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Las Vegas Restaurant & Dining Guide

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Are Restaurants here Cheap?

Here's the most expensive meal I've seen, from the Palm's room service menu: They'll bring up a Carls Jr. hamburger, a 24-year-old bottle of French wine, and charge you six thousand dollars. It's named the Six Thousand Dollar Combo Meal. Conversely, you could head down to Fremont Street and grab a hot dog and beer for two bucks.

fast food hamburder with fries at Tao Beach in Las Vegas
Las Vegas is a tourist-driven city, so you'll find prices to be a little higher on the Strip. But that's before you factor in the intensely competitive nature of the restaurant industry. Once you start taking advantage of the promotions, coupons, off-strip restaurants, Players Club discounts, and package deals, you can save a lot of money. Take the time to browse around our coupons page, and save $5.00, $10.00, or $100.00 at the best restaurants around the Las Vegas Valley.

Fresh food like strawberries, available across the Las Vegas valley

Discovering Food in Las Vegas:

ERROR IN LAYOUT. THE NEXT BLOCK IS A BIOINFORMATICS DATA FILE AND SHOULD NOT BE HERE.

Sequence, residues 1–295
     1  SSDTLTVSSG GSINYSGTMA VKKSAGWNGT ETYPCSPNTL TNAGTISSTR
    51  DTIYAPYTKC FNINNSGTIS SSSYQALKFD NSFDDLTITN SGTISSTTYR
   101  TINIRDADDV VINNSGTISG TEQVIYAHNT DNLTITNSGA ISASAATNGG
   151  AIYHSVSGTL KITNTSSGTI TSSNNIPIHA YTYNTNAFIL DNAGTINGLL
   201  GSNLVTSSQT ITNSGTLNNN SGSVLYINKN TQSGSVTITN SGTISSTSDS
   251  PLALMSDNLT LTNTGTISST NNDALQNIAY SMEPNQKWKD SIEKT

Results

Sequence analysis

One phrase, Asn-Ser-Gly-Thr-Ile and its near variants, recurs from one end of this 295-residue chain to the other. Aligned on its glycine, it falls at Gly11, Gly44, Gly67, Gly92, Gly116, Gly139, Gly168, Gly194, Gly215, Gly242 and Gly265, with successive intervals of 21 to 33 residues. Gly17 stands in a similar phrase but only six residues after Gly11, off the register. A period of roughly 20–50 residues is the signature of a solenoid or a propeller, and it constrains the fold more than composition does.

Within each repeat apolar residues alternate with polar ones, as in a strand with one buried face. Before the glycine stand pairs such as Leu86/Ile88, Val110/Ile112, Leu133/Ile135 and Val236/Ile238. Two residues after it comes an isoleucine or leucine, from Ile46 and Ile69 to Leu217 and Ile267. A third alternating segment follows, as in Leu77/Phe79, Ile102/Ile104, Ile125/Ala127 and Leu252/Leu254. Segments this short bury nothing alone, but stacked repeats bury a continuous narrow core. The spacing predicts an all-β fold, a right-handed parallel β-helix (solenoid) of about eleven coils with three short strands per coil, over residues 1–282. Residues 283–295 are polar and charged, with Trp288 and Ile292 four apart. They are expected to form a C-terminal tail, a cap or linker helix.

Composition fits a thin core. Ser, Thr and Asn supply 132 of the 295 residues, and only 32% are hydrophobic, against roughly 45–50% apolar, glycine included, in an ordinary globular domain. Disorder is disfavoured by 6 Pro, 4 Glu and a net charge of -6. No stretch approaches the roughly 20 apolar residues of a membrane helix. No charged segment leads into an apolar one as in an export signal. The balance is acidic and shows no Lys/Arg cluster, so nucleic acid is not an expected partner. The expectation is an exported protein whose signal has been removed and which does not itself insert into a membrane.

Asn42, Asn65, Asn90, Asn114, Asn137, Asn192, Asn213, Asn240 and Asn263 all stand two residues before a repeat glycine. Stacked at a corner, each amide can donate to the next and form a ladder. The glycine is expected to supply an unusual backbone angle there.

Las Vegas has all kinds of food, from buffets, celebrity chefs, and mexican restaurants, to Indian cuisine and fine dining.

Fast Food - There are plenty of options, but don't expect to find a McDonalds in the luxurious, five-star Bellagio. Keep an eye out for food courts; most casinos have one, and the Strip itsself boasts plenty of nooks stuffed with cheap restaurants. Expect to pay a couple of dollars per person more on the Strip than you would off it.


Buffets - See our buffets page for a detailed description. Almost every hotel/casino has a buffet, and almost every buffets are delicious. The meal price will give you a quick indicator of the size and quality of the food selection. The eight dollar lunch at The Orleans or Gold Coast Casinos have a decently large selection with reasonably good quality. The fifteen dollar lunches of the Planet Hollywood (formerly the Aladdin), Luxor, Rio, and Red Rock Casinos are enormous, sprawling buffets with well-made dishes. Gigantic buffets are the average for Las Vegas; you'll find something similiar at most hotels. The Bellagio, Wynn, and Encore buffets will cost you seventy five percent more, but deliver unmatched quality. This is where you find Alaskan King Crab legs, rare sushi, and choice cuts of meat. Lunch prices are around thirty dollars, and dinner can cost up to fifty. At every buffet, dinner will cost about fifty percent more than lunch, and breakfast will cost thirty percent less.